Ghosts of Woroni Past, Present & Future

I started off being too scared to contribute to Woroni.  I was in in constant awe of those people – more than people, journalists! – who were published in the reputable mag. It didn’t take me too long to get over that.

In my second year, I finally mustered up enough courage to submit a very mediocre opinion piece and the rest has been history; I was a sub-editor on and off for two years, Editor-in-Chief for one year and a constant reader of the paper. Over this time, I’ve seen Woroni evolve.

It seems as if Woroni has had unrivalled growth and vibrancy over the last five years. The catalyst for this coming-of-age for the student media organization was a fresh start and new approach to running the organization.

Rumour has it that a group of students met up with our previous Vice Chancellor Professor Ian Chubb in 2010, a meeting which would change the course of the paper forever.

There had been murmurs of discontent about the quality of the paper for a while. While it certainly had a rich history of fantastic content, it was harrowed by editors producing inconsistent papers, if there was one produced at all. Some blamed the huge workload and other strains placed on the Editors, others on the dependence and occasional censoring by ANUSA (as Woroni was funded by the Students’ Association). Regardless, after seeing more than one set of editors stop producing papers all together, there was a consensus that something needed to be done.

Chubb told the group, consisting of members of ANUSA and the Editors-elect, that the ANU deserved a paper rivaling the quality of the Crimson, Harvard’s daily rag. The students left the room with promise of a new office and more funding but also the demand that the paper have consistency from year to year.

This exact account of events may be a figment of this author’s imagination, but the gist is that everyone wanted to see Woroni become a professional media organization.

Regardless of however it happened, there was a huge push to reform Woroni. ANUSA and Woroni worked together to create a new, independent student media source. Ideas such as overlapping editor terms, having individual elections for eight separate editor positions, among others, were argued back and forth, but finally in 2011 the changes were approved.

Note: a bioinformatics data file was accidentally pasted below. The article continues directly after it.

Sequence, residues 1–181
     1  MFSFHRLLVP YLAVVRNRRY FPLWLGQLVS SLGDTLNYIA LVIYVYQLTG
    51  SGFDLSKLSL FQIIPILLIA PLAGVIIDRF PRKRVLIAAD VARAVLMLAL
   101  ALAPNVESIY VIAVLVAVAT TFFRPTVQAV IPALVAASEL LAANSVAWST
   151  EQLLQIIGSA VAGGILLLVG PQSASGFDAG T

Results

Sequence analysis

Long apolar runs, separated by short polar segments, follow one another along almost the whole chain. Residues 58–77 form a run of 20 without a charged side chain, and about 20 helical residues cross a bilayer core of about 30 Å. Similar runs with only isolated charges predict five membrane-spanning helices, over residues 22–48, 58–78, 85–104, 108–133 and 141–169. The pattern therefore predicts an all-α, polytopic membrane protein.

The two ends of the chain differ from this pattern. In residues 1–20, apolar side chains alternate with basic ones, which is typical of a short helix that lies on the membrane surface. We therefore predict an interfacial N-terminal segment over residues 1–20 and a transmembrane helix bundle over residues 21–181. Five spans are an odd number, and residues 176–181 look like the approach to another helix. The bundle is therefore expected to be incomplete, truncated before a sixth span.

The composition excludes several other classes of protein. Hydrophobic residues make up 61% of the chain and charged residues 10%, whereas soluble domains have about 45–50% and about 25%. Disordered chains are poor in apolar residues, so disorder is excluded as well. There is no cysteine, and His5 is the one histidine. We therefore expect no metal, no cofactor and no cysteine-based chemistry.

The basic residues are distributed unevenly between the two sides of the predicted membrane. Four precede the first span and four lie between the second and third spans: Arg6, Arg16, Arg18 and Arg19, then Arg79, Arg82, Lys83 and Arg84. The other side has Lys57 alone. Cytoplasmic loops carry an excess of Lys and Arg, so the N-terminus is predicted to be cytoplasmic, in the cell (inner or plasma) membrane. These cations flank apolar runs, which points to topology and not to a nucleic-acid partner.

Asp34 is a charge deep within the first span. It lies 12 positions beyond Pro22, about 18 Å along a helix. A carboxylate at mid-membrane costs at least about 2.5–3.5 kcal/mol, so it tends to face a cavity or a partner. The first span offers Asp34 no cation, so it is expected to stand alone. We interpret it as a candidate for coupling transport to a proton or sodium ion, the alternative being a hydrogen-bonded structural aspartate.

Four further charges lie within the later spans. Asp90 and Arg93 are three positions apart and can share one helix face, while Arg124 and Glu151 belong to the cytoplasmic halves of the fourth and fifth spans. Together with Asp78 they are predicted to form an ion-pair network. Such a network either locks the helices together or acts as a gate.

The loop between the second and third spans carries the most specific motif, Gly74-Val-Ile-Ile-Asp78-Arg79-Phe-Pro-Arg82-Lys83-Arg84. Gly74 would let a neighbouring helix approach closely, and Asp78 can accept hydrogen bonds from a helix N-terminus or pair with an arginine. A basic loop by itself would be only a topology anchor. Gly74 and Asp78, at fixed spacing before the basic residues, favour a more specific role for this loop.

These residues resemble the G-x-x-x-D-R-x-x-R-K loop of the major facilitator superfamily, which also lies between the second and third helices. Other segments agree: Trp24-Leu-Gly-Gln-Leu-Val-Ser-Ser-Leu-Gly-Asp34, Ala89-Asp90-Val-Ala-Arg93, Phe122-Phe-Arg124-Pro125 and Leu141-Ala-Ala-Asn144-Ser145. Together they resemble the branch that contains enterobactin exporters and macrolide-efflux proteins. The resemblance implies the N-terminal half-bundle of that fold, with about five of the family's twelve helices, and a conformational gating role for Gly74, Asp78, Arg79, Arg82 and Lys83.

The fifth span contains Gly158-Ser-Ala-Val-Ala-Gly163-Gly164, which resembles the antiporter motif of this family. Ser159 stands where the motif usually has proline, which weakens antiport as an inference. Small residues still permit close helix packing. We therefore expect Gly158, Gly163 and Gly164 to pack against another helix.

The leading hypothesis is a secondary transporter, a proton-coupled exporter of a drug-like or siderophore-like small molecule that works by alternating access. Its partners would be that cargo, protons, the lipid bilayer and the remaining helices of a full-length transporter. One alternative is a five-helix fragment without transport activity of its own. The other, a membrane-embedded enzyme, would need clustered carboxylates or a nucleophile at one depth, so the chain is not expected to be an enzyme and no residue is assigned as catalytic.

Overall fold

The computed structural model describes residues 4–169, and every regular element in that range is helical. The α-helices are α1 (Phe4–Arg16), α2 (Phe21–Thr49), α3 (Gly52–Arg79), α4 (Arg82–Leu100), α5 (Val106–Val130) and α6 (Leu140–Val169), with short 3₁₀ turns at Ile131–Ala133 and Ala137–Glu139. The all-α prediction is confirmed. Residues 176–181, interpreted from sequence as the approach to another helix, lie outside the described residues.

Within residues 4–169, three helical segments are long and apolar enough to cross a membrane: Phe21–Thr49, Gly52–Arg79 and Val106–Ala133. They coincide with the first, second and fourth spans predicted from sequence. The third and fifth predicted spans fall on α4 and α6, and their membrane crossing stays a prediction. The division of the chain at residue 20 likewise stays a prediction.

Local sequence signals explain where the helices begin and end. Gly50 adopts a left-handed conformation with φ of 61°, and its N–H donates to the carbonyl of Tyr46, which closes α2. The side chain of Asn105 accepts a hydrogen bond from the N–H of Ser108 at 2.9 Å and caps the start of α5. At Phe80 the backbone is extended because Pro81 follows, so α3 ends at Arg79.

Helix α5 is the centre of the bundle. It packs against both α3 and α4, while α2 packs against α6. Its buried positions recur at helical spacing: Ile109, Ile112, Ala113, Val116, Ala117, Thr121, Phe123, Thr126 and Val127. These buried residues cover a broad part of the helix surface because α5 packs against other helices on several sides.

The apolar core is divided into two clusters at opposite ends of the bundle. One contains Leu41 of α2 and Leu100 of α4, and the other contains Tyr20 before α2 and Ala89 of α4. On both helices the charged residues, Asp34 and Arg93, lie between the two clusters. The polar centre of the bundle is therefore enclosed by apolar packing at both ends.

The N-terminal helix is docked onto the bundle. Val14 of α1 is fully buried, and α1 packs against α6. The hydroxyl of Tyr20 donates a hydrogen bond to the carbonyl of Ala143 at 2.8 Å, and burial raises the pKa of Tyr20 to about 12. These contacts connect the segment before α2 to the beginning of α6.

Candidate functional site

And then: nothing. Business as usual. At least at first. Almost without noticing it, small things changed. Editions started appearing that weren’t filled with the Editor’s and their friend’s names under every headline. The website began to be  updated. Circulation improved. Then, bigger ideas such as Woroni radio starting happening. For once, the organization was able to build on itself every year rather than starting anew.

That’s not to say there haven’t been a few speed bumps along the way.  At least during my tenure as Editor, we had a few, including the standard turmoil between editors; setting up for the inaugural Australian University Student Media Conference, which was a great success despite causing us to almost kill each other, being threatened with punishment such as academic exclusion because we published a cartoon about the Qur’an. The last one was probably the worst, not least because Andrew Bolt came out and supported us.  Still through all the conflict and standard student organization bullshit, Woroni pulled through.

Woroni, or rather ANU Student Media, stands today as a leader in university student-run media organisations across the country. However, the journey began in 2011 towards a more professional Woroni has not finished. Many of the steps – changing the role of Editor to more of an organization Director, empowering sub-editors, expanding into new mediums – should continue to allow further expansion of ANU Student Media.

In the future, I’d love to see a board of 4-6 “Directors” who are elected on platforms of policy and direction for the organization, who then choose the most talented individuals at ANU to edit the content, lay out the paper, produce podcasts, record video, or whatever new idea is next. It makes sense to elect people on their ideas, which are easy to critique as an average student, than try to elect someone based on their technical skills, which are not easy to demonstrate to a large audience.

But enough about that. Congratulations to Woroni on its sixty-fifth birthday. There’s not many sexagenarians who are only getting better looking and more useful as the years go by.  Thanks for everything you’ve given me: a source of information, an outlet and an opportunity to learn and grow.

Here’s to another sixty-five great years.

Cam Wilson is the General Secretary of the Kanye Appreciation Society